Among the Songhay of Mali and Niger, who consider the stomach the seat of personality, learning is understood not in terms of mental activity but in bodily terms. Songhay bards study history by "eating the words of the ancestors," and sorcerers learn their art by ingesting particular substances, by testing their flesh with knives, by mastering pain and illness.
In Sensuous Scholarship Paul Stoller challenges contemporary social theorists and cultural critics who—using the notion of embodiment to critique Eurocentric and phallocentric predispositions in scholarly thought—consider the body primarily as a text that can be read and analyzed. Stoller argues that this attitude is in itself Eurocentric and is particularly inappropriate for anthropologists, who often work in societies in which the notion of text, and textual interpretation, is foreign.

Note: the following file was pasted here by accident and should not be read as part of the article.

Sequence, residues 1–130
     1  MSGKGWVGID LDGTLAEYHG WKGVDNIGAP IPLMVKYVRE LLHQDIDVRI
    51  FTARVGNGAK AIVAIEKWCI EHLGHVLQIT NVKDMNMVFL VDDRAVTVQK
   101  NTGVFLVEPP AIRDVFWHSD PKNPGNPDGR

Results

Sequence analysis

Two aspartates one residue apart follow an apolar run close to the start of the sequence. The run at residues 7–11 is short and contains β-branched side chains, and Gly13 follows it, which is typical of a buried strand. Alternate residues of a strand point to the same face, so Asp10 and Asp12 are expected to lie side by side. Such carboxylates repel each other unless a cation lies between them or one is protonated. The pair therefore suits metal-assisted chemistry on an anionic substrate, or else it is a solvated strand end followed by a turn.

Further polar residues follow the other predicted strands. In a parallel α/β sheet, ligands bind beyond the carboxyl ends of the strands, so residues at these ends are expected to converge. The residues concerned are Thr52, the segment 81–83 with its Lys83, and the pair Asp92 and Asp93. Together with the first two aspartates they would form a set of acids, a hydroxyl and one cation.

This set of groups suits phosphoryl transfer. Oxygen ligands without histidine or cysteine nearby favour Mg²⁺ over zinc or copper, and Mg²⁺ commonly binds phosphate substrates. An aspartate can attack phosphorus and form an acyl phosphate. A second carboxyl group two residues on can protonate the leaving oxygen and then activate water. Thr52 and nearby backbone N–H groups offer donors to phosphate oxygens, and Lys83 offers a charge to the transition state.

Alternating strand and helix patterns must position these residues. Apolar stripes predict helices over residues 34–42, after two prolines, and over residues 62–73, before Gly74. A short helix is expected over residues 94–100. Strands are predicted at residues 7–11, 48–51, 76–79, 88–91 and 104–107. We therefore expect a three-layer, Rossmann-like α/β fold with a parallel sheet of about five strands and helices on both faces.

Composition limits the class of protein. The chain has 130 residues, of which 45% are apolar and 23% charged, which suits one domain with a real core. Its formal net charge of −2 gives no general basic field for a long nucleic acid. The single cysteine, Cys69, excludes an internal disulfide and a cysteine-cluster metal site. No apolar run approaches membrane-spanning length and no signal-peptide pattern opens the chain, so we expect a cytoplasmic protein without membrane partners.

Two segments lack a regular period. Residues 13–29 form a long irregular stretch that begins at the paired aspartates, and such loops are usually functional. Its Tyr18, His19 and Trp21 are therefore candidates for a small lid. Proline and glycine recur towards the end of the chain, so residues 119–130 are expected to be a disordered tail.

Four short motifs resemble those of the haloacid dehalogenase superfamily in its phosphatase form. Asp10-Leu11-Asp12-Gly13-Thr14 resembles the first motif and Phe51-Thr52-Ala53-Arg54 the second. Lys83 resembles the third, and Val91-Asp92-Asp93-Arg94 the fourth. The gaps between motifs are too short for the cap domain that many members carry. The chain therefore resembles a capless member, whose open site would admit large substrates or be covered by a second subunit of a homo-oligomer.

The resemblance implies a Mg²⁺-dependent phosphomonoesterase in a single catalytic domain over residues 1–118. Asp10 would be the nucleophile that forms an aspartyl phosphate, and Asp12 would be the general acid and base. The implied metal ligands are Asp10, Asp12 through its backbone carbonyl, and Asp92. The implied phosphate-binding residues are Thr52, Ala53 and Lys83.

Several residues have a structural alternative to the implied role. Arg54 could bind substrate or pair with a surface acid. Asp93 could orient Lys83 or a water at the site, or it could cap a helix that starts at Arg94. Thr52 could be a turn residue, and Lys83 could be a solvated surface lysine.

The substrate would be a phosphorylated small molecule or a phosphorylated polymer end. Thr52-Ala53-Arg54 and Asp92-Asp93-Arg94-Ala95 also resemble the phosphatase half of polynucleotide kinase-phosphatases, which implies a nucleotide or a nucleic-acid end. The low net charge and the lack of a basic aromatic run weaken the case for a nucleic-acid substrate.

Throughout Sensuous Scholarship Stoller argues for the importance of understanding the "sensuous epistemologies" of many non-Western societies so that we can better understand the societies themselves and what their epistemologies have to teach us about human experience in general.